Saying the prayer also promotes happiness in other ways. First, it pushes us outside of ourselves. Almost all of the ten practices involve other people. Inviting others into our lives, practicing kindness, and comforting mourners, are just the most direct examples. The rabbis understood the seeming paradox that focusing on others more than ourselves makes us happier. As Victor Frankl put, "the door to happiness opens outward."
Frankl's observation helps us see a second source of happiness in this prayer. It roots us in a religious worldview. Its opening verses remind us that we are reading more than a list of good deeds. They are a series of practices that echo through eternity. We feel their effects in this world and in the world to come.
Put differently, embracing a religious worldview makes us happier. We can speculate on why this is true. But I suspect part of the reason is that faith is a mindset that pushes us - in some cases, even obliges us - to do things that may not feel great in the short term, but that enhance our lives in the long term. These are the things we do that we can look back on a year later and feel happy to have done.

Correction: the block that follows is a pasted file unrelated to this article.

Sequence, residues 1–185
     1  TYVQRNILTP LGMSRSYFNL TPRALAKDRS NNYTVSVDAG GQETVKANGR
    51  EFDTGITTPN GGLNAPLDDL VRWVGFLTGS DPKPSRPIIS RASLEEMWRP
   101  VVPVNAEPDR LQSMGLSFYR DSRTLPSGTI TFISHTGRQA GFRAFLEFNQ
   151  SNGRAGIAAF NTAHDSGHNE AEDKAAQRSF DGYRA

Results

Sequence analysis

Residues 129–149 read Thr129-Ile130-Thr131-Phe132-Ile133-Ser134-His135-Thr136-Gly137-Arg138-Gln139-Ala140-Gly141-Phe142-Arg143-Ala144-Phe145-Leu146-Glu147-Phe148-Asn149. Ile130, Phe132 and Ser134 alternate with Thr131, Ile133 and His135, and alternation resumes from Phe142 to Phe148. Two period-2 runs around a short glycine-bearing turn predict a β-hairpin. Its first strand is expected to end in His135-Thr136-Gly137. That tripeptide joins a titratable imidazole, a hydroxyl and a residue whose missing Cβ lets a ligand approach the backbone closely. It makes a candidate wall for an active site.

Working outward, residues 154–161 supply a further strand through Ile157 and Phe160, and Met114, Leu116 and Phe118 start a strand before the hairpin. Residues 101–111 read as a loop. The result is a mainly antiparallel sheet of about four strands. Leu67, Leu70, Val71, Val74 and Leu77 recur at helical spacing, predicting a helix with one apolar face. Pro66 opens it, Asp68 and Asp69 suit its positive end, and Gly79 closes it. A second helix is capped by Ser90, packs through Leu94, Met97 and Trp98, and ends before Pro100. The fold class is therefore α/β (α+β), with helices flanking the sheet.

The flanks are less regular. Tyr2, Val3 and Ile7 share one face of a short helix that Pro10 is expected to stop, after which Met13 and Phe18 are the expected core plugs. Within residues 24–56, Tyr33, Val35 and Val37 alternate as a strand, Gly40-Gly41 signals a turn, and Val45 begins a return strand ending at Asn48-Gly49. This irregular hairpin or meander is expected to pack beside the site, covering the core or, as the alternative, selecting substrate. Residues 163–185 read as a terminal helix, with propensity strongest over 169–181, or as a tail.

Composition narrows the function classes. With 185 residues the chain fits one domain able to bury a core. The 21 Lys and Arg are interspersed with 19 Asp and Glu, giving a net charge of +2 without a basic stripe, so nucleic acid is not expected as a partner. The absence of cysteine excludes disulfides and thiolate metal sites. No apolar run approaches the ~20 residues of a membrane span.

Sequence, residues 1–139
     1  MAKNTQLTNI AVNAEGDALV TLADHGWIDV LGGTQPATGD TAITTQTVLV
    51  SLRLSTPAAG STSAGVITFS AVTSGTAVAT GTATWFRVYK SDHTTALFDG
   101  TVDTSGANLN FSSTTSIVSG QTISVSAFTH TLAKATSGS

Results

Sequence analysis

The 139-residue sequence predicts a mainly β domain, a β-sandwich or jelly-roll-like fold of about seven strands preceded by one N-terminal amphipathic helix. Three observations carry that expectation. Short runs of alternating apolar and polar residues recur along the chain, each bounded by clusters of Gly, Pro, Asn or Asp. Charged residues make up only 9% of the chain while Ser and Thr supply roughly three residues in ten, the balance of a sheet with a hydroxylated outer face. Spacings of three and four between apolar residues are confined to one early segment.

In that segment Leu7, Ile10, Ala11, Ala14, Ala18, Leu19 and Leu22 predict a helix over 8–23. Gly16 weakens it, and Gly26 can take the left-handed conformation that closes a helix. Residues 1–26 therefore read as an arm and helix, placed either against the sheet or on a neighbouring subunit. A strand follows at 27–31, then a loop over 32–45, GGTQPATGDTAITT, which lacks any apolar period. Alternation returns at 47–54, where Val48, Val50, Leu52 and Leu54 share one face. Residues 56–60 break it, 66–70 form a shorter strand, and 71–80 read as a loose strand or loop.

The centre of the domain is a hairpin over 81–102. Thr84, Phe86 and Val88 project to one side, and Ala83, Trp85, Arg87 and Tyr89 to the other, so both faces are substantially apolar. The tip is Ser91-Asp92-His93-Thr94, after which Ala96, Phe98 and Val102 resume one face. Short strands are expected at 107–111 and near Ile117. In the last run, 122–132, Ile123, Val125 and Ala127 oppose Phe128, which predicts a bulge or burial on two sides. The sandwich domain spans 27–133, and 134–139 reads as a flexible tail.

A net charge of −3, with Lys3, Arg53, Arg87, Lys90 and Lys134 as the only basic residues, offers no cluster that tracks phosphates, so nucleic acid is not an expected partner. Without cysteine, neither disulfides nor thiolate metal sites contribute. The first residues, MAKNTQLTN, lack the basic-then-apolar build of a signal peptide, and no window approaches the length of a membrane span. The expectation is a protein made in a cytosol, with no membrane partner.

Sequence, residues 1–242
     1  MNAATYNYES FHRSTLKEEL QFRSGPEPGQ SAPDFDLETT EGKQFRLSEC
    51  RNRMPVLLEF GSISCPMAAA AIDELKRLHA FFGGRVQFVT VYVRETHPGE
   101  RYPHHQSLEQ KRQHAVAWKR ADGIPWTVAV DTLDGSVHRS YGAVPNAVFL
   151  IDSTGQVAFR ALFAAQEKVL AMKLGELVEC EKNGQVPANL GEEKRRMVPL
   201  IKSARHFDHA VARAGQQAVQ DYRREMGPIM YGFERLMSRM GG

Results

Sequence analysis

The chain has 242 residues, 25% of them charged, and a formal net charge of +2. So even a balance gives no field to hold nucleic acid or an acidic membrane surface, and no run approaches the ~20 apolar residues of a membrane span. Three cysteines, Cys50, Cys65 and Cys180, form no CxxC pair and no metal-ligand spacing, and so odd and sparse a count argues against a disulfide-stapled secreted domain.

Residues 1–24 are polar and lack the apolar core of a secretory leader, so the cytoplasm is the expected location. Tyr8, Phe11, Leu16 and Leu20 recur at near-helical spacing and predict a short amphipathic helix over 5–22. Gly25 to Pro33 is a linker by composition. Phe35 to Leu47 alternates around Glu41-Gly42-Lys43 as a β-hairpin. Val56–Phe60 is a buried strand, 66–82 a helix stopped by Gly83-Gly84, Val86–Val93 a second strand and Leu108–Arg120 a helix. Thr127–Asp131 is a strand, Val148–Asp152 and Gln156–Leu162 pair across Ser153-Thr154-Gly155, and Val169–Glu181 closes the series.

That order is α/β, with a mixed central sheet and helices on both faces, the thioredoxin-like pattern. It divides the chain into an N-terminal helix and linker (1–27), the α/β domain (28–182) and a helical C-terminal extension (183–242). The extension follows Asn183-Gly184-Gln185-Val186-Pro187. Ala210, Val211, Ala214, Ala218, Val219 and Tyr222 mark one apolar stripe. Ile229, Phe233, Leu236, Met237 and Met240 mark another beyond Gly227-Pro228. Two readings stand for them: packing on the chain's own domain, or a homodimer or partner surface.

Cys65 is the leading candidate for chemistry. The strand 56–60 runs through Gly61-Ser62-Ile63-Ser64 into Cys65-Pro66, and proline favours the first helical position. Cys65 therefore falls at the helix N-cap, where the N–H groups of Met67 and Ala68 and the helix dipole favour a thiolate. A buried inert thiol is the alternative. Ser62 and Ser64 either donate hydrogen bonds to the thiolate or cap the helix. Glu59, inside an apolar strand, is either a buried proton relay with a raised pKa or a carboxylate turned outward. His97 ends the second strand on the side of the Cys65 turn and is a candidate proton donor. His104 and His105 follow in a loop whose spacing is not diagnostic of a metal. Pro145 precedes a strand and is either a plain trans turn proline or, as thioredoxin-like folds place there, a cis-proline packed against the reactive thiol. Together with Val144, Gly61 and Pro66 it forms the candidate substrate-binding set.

Every year, I fast on Yom Kippur, the Jewish Day of Atonement. To do so is a commandment found in the Torah and has been a Jewish tradition for more than 4,000 years. Since I am working all day - delivering sermons and leading my congregation in eight hours of prayer - fasting is the last thing I want to do. Yet it enhances my experience of the day and my connection to others. It does not feel pleasurable in the moment. But when I look back, I know I experienced the power of the day.